Koza, Y.; Amouroux, S.; Bazylev, B. N.; Berthe, E.; Kuehnlein, W.; Linke, J.; Penkalla, H. J.; Singheiser, L.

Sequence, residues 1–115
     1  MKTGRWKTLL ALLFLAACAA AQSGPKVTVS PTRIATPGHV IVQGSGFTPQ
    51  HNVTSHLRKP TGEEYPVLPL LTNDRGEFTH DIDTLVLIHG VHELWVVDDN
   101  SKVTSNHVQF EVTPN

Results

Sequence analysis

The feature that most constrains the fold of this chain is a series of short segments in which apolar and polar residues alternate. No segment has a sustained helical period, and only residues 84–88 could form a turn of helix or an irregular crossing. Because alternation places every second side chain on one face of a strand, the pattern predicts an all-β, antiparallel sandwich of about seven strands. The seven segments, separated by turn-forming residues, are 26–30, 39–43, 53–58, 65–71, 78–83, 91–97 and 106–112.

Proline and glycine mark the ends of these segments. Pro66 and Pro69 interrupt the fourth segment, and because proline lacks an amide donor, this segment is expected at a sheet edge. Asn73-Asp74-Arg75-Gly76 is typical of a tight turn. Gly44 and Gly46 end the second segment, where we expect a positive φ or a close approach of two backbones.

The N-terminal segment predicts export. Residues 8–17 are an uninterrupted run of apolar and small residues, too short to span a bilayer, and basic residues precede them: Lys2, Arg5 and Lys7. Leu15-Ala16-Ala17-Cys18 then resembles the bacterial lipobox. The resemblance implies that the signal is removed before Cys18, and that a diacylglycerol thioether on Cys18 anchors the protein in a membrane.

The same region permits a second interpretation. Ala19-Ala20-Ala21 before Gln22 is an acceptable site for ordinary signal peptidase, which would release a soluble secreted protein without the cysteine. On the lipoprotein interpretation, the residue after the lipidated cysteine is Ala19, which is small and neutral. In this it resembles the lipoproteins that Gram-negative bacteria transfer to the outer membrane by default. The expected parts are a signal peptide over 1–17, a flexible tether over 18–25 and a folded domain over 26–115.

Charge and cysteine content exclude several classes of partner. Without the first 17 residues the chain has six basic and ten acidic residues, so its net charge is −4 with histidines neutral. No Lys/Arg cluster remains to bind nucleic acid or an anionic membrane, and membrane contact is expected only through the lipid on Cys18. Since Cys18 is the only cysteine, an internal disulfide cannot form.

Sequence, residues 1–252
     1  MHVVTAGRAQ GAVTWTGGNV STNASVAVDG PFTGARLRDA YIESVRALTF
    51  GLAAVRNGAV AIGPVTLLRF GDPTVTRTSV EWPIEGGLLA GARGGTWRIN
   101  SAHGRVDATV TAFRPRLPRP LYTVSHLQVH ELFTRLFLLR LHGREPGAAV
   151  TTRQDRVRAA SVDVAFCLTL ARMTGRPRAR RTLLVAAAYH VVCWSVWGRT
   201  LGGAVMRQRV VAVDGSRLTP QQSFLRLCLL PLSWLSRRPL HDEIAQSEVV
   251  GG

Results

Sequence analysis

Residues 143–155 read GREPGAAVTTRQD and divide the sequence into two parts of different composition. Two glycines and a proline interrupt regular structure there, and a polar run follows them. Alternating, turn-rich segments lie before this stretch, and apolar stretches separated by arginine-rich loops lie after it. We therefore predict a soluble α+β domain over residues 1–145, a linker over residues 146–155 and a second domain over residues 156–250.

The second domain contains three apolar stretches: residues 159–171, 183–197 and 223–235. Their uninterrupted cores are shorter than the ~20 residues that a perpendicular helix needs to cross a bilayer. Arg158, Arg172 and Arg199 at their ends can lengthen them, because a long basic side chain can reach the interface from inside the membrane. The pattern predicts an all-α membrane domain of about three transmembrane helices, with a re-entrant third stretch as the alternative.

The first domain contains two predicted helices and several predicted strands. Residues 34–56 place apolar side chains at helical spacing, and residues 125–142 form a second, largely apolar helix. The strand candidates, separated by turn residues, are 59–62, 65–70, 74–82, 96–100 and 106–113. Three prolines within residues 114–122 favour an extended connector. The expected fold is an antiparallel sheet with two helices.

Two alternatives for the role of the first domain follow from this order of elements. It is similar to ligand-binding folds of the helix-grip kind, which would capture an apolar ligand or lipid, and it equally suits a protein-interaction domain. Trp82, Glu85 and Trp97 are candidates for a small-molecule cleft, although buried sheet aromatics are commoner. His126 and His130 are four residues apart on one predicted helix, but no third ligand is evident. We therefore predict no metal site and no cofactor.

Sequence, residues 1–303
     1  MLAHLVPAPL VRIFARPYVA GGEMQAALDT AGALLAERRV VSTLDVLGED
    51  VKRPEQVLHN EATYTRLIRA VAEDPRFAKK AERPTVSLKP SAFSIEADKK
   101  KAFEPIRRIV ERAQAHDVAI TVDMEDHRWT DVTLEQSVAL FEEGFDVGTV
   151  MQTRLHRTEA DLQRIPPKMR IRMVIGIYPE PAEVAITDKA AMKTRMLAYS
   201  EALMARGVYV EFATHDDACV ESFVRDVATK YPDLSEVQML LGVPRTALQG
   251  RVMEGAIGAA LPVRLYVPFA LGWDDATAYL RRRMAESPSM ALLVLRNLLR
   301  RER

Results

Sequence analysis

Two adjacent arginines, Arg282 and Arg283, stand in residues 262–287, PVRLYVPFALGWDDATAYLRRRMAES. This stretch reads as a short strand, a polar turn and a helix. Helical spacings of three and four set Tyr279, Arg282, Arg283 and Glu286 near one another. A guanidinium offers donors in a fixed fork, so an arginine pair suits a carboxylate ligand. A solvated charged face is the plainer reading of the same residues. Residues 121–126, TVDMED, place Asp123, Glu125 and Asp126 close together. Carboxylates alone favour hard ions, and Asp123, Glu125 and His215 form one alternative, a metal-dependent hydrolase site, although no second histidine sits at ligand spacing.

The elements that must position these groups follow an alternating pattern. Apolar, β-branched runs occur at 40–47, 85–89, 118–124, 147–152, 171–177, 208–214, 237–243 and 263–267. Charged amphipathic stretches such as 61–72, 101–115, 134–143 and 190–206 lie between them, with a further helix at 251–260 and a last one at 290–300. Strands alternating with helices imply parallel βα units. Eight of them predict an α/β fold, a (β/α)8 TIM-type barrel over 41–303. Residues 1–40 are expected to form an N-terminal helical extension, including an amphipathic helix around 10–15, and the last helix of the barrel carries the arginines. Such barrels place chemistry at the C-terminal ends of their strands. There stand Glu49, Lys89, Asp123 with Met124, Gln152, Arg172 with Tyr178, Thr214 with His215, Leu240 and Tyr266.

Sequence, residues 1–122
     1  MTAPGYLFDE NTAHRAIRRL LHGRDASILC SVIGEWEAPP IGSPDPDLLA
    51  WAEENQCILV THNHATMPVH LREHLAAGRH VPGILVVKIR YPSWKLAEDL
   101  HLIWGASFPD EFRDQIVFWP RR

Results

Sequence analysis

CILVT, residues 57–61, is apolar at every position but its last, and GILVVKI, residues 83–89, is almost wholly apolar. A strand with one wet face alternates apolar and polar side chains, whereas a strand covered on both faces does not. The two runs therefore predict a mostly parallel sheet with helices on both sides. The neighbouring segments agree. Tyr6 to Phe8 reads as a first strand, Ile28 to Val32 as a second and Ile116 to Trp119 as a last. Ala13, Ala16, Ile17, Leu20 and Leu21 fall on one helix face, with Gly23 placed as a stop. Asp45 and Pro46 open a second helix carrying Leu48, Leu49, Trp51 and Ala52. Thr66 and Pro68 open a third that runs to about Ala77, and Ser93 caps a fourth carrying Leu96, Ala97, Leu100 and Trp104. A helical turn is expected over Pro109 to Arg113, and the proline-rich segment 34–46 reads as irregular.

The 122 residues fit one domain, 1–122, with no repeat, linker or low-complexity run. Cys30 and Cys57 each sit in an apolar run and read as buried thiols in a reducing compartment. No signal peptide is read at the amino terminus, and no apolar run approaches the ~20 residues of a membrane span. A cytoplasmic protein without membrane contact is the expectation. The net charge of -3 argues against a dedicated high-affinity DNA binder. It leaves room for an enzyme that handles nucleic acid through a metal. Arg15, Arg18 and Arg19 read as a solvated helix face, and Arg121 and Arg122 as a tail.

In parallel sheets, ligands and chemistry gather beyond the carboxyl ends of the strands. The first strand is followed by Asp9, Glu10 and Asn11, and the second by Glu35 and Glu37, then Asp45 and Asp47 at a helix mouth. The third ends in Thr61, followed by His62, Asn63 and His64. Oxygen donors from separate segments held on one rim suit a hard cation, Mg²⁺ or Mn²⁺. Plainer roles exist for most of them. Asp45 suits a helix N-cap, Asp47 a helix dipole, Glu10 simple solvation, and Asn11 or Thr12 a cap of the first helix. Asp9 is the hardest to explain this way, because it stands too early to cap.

Erosion mechanisms for different carbon based materials (graphite, carbon fiber composites (CFCs), Si-doped CFC) have been studied under brittle destruction under intense transient thermal loads (ELMs, plasma disruptions, VDEs) with respect to material erosion in different particle emission regimes, characterization of emitted particles, and behavior of preheated samples. Furthermore, the experimental data were compared with 3-D numerical simulation on the onset of brittle destruction. From a morphological point of view, the resulting erosion patterns on the test samples and ejected particles differ significantly for the three materials. The isotropic graphite shows a homogeneous erosion profile with flat craters, while the CFC forms no crater and only preferential erosion in localized spots in the PAN fiber area while the pitch fiber strands remain almost undamaged. The particles originating from graphite samples which have been collected on TEM grids are composed of nano sized amorphous carbon. CFCs have been the source for sub Î 1/4 m sized agglomerated fragments of crystalline carbon or silicon particles with âe 1/4 50 nm diameter. Preheating of the test samples to 500 or 800°C results in a remarkable increase of the erosion depth and weight loss compared to the samples loaded at room temperature and identical heat fluxes. In particular, melting phenomena in the Si-doped CFC materials became essential at elevated temperatures.